miller's musing

    Baseball has long been the sport of America, but recently its grip on the youth of the country has waned while other sports like basketball and football have gained popularity.

    Baseball is truly in dire straits. Labor disputes threaten to wreck the delicate balance between the players and the owners. Bud “”Is that spittle on my face?”” Selig and his cronies are playing bocce ball with baseball teams in an effort to create an environment where they can get a salary cap to curb escalating payrolls.

    The owners feel that they need more assurance of being in the black. Mr. Spittle, you posted a profit last year. The players feel that they should be paid whatever the market can bear: $225 million sounds about right, Mr. Rodriguez, or how about $18 million per year for a retired Albert Belle.

    However, neither the players nor the owners are to blame for the current fighting and the last 10 or so years of labor disputes. The winner of this much-acclaimed moniker is Worth Sports of Tullahoma, Tenn., the first company to mass produce the aluminum bat.

    Worth introduced the bat in 1970. By 1974, aluminum bats were legal all the way up to the National Collegiate Athletic Association level and were the most commonly used bats at all stages of play, excluding the major and minor leagues. Now, where is the connection between aluminum bats and labor troubles?

    In 1970, baseball was stagnant. The heroes of old, like Dimaggio, Williams and Mays, were either gone or fading away, ghosts of greatness. The league was led by youngsters like the Oakland Athletics. Attendance had remained, on the average, at about the 1 million mark per club since 1946, when baseball was the sport of a postwar nation.

    Football and basketball, however, saw increased attendance in the same amount of time. Football had formed two leagues and a national championship game. It was finally organized.

    Basketball flourished under Russel and Kareem; Dr. J was coming and the game had a funk to it that was helped by the American Basketball Association and its afro-dominated roster.

    The aluminum bat was baseball’s response to this. The one thing that basketball and football had was action. Constant up-and-down motion, big plays, big hits and huge dunks captured the attention better than a suicide squeeze with two outs in the bottom of the ninth.

    By introducing the aluminum bat, baseball began to breed sluggers. Any player who had offensive skills was given an extra advantage with the new bat. Dinks became doubles, grounders got through the hole and long fly balls turned into home runs. Yet pitchers still threw the same ball and fielders used the same gloves. Not only were the bats lighter and stronger, giving hitters an unfair advantage, they were also cheaper than wood bats. Little leagues and college teams on tight budgets started using the bats just because of this.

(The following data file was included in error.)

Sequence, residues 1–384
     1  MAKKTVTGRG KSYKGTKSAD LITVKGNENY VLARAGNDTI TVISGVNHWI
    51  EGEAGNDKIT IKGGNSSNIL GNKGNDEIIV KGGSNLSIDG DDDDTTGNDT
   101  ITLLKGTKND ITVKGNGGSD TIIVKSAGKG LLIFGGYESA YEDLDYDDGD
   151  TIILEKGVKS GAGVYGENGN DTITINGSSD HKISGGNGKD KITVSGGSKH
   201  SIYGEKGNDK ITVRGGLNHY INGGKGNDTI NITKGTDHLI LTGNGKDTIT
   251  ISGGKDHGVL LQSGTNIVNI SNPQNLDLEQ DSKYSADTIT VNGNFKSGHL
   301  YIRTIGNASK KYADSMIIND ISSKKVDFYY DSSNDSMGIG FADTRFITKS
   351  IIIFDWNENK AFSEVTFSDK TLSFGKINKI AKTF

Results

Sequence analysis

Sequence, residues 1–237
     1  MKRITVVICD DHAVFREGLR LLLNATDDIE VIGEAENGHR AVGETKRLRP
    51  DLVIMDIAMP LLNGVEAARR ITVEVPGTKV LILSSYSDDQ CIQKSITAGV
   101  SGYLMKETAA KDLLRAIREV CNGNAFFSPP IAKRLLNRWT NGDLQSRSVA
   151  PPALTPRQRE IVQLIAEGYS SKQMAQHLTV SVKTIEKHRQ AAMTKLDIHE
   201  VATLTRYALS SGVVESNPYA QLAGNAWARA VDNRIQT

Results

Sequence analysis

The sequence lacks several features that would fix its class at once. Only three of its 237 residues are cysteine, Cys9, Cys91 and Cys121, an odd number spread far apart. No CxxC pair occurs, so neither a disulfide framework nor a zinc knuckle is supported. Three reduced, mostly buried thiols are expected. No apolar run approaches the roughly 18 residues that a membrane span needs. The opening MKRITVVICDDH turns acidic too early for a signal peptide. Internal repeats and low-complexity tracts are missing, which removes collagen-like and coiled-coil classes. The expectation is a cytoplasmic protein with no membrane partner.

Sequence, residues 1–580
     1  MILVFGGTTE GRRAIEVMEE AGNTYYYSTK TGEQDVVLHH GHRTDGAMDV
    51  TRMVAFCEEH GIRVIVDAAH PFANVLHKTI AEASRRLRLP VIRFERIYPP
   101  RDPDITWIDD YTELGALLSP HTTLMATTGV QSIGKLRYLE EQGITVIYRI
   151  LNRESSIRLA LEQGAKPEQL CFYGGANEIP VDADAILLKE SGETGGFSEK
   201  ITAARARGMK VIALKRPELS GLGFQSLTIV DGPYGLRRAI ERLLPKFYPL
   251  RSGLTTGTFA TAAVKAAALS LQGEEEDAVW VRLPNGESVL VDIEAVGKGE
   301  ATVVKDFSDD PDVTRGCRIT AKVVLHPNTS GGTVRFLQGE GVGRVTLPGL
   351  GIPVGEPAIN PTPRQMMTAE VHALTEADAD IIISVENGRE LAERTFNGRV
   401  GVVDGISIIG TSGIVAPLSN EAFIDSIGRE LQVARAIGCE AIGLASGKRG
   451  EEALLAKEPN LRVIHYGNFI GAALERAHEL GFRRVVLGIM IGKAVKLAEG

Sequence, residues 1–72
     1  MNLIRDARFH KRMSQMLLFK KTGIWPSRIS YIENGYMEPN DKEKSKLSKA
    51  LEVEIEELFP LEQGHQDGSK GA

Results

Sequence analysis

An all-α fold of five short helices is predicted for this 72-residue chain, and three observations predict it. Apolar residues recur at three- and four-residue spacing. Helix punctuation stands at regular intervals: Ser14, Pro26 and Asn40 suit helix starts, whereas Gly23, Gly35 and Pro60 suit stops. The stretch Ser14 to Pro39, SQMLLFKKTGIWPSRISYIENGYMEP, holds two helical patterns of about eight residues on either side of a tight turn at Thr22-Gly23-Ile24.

The 1980s was the beginning of the aluminum-bat era. Major League Baseball averaged over 3,000 home runs per year for the decade. Before this, 3,000 home runs had been hit in a year exactly six times, and four of these were in the 1970s.

    In the 1990s and into the new millenium, the league averaged over 4,000 home runs per year, and since 1998, has hit over 5,000 home runs per year.

    Now, some people say it is the juiced ball that accounts for the offensive explosion. Has the ball been constantly juiced since 1980 or are players built to hit home runs today? The designated hitter could account for part of the increase in offensive production, but what about the shortstops and second basemen that now average 40 home runs a year?

    I thought there was only one Ernie Banks. Or the Oakland Athletics of today, who preach on-base percentage and patience at the plate, and for Christ’s sake, lead off Jeremy Giambi.

    How about the fact that Rickey Henderson is still one of the best leadoff men in the game? No slight to Rickey, ’cause he’s great, but at 43, still one of the best, or is it that the leadoff position is dying, manufactured runs supplanted by quick ones?

    Still the question looms: What is the connection between labor and bats? Aluminum bats have initiated a whole league of players who can hit the long ball. It has given the players that bargaining chip they need to drive up prices. They are now showmen up there to perform much of the time and not to play.

    Much of the intricacy of the game can be forgotten when there are four players on your team capable of hitting 40-plus jacks. Conversely, owners were able to comply. Their profits went up as home runs went up. Attendance increased from its 30-year average of 1 million to its current leaguewide average of nearly 2.5 million. Some teams — the Rockies and the Indians, for example — routinely draw over 3 million spectators a year. It is only in the past 10 years that there has been animosity between the owners and the players.

    Yes, there have been labor disputes in the league before, but not this protracted. I have never seen so much mud slung and so many smokescreens blown as the players and Selig have done in the last five years.

    Each side is struggling to hold onto as much of the profits as it possibly can — truly “”America’s pastime.”” No matter the outcome of this war, the root of the conflict can be traced to Tennessee and the bat that revolutionized the game.

    More to Discover
    Donate to The UCSD Guardian
    $200
    $500
    Contributed
    Our Goal

    Your donation will support the student journalists at University of California, San Diego. Your contribution will allow us to purchase equipment, keep printing our papers, and cover our annual website hosting costs.

    Donate to The UCSD Guardian
    $200
    $500
    Contributed
    Our Goal